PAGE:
Sports network affiliate fee growth to slow, Nathanson says

A prime example of a single-team RSN feeling the heat is Time Warner Cable’s SportsNet LA, the broadcast home of the Los Angeles Dodgers. Image: NBA

Sports network affiliate fees could be under pressure going forward, according to MoffettNathanson analyst Michael Nathanson.

MoffettNathanson recently held its Sports Summit featuring league officials, network executives, ad buyers, programmers and sports experts. While the consensus from the forum was that sports viewership and advertising isn’t under any near-term threat, affiliate fees could be in trouble.

“There is no doubt that properties like the NFL and strong multi-team regional sports networks are incredibly valuable to distributors and can’t be dropped,” wrote Nathanson. “However, given the increasing margin pressures in video distribution, single team RSNs and long-tail cable networks were seen as especially vulnerable.”

RELATED: AT&T responds to DOJ’s SportsNet LA suit: Carriage issues ‘occurred before we bought DirecTV'

Of course, a prime example of a single-team RSN feeling the heat is Time Warner Cable’s SportsNet LA, the broadcast home of the Los Angeles Dodgers. The RSN, based on a 25-year distribution deal with the team, has struggled to set carriage agreements in place with major pay-TV providers. The whole ordeal is currently the subject of the Justice Department lawsuit alleging DirecTV conspired with other operators to block SportsNet LA from securing carriage deals.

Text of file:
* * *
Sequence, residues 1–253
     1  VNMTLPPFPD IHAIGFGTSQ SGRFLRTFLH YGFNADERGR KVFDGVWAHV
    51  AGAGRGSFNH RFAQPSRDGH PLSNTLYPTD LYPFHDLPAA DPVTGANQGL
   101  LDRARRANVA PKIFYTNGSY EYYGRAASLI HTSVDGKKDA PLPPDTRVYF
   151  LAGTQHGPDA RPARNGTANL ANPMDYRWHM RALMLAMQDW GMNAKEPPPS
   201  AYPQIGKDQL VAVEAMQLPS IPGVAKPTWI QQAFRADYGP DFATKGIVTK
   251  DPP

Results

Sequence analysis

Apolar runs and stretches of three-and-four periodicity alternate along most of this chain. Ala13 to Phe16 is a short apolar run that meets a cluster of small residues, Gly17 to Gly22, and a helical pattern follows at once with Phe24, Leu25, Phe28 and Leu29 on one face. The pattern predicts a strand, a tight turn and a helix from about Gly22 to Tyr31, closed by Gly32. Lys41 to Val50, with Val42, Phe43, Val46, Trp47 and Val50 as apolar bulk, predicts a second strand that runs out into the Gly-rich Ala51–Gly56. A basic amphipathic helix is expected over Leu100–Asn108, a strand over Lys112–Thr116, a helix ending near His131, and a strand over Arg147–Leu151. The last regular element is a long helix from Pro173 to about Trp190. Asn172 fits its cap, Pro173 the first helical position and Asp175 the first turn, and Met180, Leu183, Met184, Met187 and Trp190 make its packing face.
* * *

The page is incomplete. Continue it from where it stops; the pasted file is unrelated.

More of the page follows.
But if Nathanson is correct, network groups like Turner could soon be feeling some pressure. Turner, through its networks TNT and TBS, has licensing deals in place with the NBA and MLB as well as the NCAA. But much of Turner’s programming is not sports-related.

Nathanson sees leagues and networks increasingly pushing new packages in order to “stem the bleeding” caused by millennial audiences continuing to impact subscriber growth.

“For these reasons, our experts thought sports network affiliate fee growth would slow going forward,” Nathanson said.

Nathanson pointed out that most major domestic sports rights packages are already tied up in agreements until the end of the decade. But, at that point, digital media companies like Amazon and Google could very well jump into the fray for distribution rights. Nathanson said leagues could be wary of partners like Amazon because they might lack the reach of television as well as the professional content production skills most major sports leagues demand.

“In the short run, there might be some digital experimentation to test the readiness of these partners,” wrote Nathanson. “We believe their entry, no matter how small, will cause consternation for investors in 2017.”